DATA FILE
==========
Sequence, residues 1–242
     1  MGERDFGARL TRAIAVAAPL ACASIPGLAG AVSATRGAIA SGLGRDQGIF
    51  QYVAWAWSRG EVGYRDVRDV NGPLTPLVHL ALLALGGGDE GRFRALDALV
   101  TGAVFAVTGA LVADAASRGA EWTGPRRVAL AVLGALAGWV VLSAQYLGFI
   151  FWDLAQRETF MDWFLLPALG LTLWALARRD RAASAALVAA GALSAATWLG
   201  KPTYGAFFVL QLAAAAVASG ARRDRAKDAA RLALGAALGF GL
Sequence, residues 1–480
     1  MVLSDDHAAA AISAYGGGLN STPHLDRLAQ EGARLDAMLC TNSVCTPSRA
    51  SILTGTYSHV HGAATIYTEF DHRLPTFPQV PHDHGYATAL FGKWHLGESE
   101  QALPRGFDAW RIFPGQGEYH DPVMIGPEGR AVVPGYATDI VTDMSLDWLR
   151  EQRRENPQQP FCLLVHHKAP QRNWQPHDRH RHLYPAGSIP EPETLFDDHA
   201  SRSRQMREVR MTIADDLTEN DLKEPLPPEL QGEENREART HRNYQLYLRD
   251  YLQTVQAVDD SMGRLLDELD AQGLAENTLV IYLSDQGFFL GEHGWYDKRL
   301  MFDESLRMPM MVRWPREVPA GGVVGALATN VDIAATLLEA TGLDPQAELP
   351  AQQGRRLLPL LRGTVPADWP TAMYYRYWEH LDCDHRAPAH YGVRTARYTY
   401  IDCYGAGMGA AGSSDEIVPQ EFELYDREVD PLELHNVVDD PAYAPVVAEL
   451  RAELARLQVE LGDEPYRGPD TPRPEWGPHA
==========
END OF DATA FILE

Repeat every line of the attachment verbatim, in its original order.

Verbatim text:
Sequence, residues 1–242
     1  MGERDFGARL TRAIAVAAPL ACASIPGLAG AVSATRGAIA SGLGRDQGIF
    51  QYVAWAWSRG EVGYRDVRDV NGPLTPLVHL ALLALGGGDE GRFRALDALV
   101  TGAVFAVTGA LVADAASRGA EWTGPRRVAL AVLGALAGWV VLSAQYLGFI
   151  FWDLAQRETF MDWFLLPALG LTLWALARRD RAASAALVAA GALSAATWLG
   201  KPTYGAFFVL QLAAAAVASG ARRDRAKDAA RLALGAALGF GL
Sequence, residues 1–480
     1  MVLSDDHAAA AISAYGGGLN STPHLDRLAQ EGARLDAMLC TNSVCTPSRA
    51  SILTGTYSHV HGAATIYTEF DHRLPTFPQV PHDHGYATAL FGKWHLGESE
   101  QALPRGFDAW RIFPGQGEYH DPVMIGPEGR AVVPGYATDI VTDMSLDWLR
   151  EQRRENPQQP FCLLVHHKAP QRNWQPHDRH RHLYPAGSIP EPETLFDDHA
   201  SRSRQMREVR MTIADDLTEN DLKEPLPPEL QGEENREART HRNYQLYLRD
   251  YLQTVQAVDD SMGRLLDELD AQGLAENTLV IYLSDQGFFL GEHGWYDKRL
   301  MFDESLRMPM MVRWPREVPA GGVVGALATN VDIAATLLEA TGLDPQAELP
   351  AQQGRRLLPL LRGTVPADWP TAMYYRYWEH LDCDHRAPAH YGVRTARYTY
   401  IDCYGAGMGA AGSSDEIVPQ EFELYDREVD PLELHNVVDD PAYAPVVAEL
   451  RAELARLQVE LGDEPYRGPD TPRPEWGPHA